During the colonial rule, the focus was external trade. They came here for trade purposes in main. Then, a lot of towns emerged. With that, a lot of problems also arose in regard to administration of towns that had sprung up. The Portuguese and the Dutch profited a lot from trade. When the English came, such trade revenue had dropped to some extent. The English had to fight with the Kandyans. In 1818, a major uprising was launched to topple the English rule. By 1833, the English rule could not achieve its objects as expected. Then, they appointed the Colebrook Commission. It was assigned to find why revenue dropped. Its first recommendation was to prune state expenditure and to reduce the number of official posts. When implementing these recommendations, the English rule did away with a number of posts, and abolished pension systems. Besides, it was recommended to do economic development as a means of income generation. For this purpose, land utilization came in for the plantation sector. It boosted economic development.
With this system, our Gam Sabha system was neglected. Some argue that the system was cancelled. Actually, it was not. In fact, the Colebrook Commission has noted the importance of this Gam Sabha system and recommended to carry it forward. Yet, the English rulers found it difficult to incorporate the traditional Gam Sabha system into their own local administrative mechanism. They brought in a new judicial system. We have used this system up to now with some amendments done here and there. Then, there was another uprising against the English rule in 1848 considered the second independence struggle. That was also to drive out the English. It was brutally crushed. Then again, three commissions were appointed to find why the struggle erupted despite the colonial government delivering much in different sectors. These commissions found out that what was acceptable to the English rule was anathema for locals. They noted that they had suppressed the needs of locals. Accordingly, in 1856, Governor Henry Ward established a local administration system on similar lines with ancient Gam Sabhas. Initially, it was for agricultural activities. Then, in 1871, fully-fledged Gam Sabhas, with administrative and judicial powers, were set up. We had Gam Sabha courts. Gam Sabha Junction in Nugegoda was the place where one such Gam Sabha court functioned.
QToday, there is a major demand for power devolution to the north and east. How applicable is decentralization of power under such a model that existed in the past?
For power devolution, Federalism is needed. Federalism is mainly practised in the United States and India. Up to the establishment of provincial councils in 1987, we had a complete unitary form of state. Federalism had been used to unite a few independent countries into one country. Our country never remained divided.
Instead, by decentralizing power, we can effectively bring about reconciliation. Ours is a small country. Then, we have the central administration. If we devolve power, we will have to create the units of devolution called provinces or states. Then, one province will be different from the other in administration. In India, states are different in nature. If the country is to be kept as one entity, there should be one central administration. Under that central administration, administrative power has to be delegated to local units. Then, people in different localities can get involved in looking after their affairs. That is what should be done.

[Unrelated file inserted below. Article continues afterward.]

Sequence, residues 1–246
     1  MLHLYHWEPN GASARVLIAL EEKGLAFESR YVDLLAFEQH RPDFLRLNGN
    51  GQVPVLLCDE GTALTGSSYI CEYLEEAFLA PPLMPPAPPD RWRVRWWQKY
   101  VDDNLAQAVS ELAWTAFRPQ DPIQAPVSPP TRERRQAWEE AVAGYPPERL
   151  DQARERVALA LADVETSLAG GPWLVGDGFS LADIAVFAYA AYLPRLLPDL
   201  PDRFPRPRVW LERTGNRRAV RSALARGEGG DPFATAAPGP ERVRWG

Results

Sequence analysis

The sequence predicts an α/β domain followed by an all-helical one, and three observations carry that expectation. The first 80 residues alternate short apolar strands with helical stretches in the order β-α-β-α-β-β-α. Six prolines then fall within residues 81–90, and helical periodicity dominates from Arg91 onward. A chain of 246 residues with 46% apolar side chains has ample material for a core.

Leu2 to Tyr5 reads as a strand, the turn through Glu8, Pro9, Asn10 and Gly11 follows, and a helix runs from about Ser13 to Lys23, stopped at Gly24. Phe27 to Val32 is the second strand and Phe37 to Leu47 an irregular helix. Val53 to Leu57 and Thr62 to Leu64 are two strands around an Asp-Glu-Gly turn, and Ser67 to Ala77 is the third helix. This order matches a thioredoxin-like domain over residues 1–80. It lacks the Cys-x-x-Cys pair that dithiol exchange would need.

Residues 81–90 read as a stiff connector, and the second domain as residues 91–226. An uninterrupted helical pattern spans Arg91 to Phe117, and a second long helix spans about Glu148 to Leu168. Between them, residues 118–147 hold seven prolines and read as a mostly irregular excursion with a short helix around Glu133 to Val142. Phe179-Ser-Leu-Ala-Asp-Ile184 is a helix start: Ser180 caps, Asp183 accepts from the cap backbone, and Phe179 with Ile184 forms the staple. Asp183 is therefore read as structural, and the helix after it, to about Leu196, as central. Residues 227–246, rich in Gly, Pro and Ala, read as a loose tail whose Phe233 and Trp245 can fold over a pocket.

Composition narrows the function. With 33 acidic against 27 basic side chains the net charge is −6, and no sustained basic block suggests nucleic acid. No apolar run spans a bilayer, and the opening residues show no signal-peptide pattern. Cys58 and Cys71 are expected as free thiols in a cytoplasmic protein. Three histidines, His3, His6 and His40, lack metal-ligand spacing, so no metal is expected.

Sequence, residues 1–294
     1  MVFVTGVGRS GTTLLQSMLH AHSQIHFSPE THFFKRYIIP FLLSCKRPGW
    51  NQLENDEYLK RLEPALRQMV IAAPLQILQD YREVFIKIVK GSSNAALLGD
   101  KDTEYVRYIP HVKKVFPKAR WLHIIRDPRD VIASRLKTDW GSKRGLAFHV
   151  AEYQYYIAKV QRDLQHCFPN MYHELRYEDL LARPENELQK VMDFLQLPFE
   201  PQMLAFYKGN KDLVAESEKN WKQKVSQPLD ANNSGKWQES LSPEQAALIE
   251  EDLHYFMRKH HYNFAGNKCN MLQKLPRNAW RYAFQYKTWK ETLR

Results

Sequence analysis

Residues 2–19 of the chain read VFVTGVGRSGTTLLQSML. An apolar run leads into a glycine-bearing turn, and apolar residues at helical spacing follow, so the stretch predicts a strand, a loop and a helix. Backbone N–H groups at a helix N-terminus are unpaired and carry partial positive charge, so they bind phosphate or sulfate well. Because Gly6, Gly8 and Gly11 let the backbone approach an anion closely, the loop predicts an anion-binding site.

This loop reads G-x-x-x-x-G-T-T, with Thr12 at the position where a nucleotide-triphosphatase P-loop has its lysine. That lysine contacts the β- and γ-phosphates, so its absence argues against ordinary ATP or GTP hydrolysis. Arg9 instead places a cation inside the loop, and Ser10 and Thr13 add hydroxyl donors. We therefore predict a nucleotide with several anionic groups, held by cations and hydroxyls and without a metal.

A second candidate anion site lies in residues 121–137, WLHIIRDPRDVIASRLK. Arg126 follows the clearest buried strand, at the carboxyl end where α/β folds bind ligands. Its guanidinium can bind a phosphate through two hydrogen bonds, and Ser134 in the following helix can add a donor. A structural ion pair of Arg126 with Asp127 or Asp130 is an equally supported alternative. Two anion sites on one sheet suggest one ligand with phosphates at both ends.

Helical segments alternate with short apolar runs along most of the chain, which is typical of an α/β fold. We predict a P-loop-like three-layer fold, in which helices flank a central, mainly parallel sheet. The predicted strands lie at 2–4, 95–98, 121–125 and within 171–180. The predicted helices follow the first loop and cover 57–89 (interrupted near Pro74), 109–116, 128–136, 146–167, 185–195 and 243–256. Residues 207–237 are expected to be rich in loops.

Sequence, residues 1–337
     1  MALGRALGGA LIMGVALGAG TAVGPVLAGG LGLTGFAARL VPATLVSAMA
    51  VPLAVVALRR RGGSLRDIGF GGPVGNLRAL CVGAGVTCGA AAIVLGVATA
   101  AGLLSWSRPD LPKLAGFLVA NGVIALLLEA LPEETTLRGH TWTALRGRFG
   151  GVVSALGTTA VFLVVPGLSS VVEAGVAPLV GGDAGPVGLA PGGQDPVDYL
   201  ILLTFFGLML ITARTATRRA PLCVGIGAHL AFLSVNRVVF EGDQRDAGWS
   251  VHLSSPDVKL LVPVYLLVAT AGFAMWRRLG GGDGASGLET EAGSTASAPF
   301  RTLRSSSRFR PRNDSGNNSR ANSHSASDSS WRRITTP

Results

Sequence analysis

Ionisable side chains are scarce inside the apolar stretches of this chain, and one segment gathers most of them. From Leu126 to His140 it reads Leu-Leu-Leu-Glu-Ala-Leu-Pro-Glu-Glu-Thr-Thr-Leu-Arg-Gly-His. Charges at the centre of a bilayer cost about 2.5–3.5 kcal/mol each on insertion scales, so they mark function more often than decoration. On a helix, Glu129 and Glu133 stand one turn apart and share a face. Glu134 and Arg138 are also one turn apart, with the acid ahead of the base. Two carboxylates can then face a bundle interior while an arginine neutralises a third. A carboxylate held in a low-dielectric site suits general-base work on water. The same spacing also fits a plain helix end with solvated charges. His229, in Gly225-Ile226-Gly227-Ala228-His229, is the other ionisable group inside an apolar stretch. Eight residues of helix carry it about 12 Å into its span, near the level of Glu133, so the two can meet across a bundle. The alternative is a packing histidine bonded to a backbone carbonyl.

QHow can, for example people in the north, look after their affairs?
Gam Sabha or Jana Sabha can be established. They can be called by different terminologies if needed. Then, the representatives of such units only know the needs of their localities. They only know whether road construction should be prioritized over tank building or vice versa. The absence of such a system is the root cause of problems facing people in the country. People have nowhere to turn to when problems related to their day-to-day affairs crop up. The local authorities also do not function today. Then, a minister of the central government has to go to look into such matters. If a local administrative unit is in operation, people can turn to it. That is the place that would be aware of issues on the ground in the locality concerned. So, power has to be decentralized depending on the nature of localities.
Successive governments in the post-independence period have focused on the demands of separatist elements rather than addressing the needs of people.
QWhat is your opinion on the present provincial council system?
Separatism is a problem that confronted this country after Independence. It started with the formation of Federal Party and demand for power devolution to the north and the east. There were a lot of efforts to sort it out, but in vain. During the time of then President the late J.R. Jayewardene, Tamil militancy had emerged.
In 1982, District Development Committees were formed. That is to decentralize power to the district units. But, the relevant Act could not be made operational. In the meantime, militant separatism spread its tentacles. Subsequently, with the intervention of India, the provincial councils were formed. Then, powers were centralized into the provincial units.
Whatever anyone might say, people’s participation should be ensured in development and administrative activities. Otherwise, it is not democracy. It is a fundamental right of people. Today, we see people protesting the failure to address their development needs such as roads, irrigation tanks, schools etc. It happened actually due to the absence of local administrative units such as Gam Sabhas.
In the Tamil and Muslim majority areas, this can be very well implemented to address their needs. That is good governance in real sense.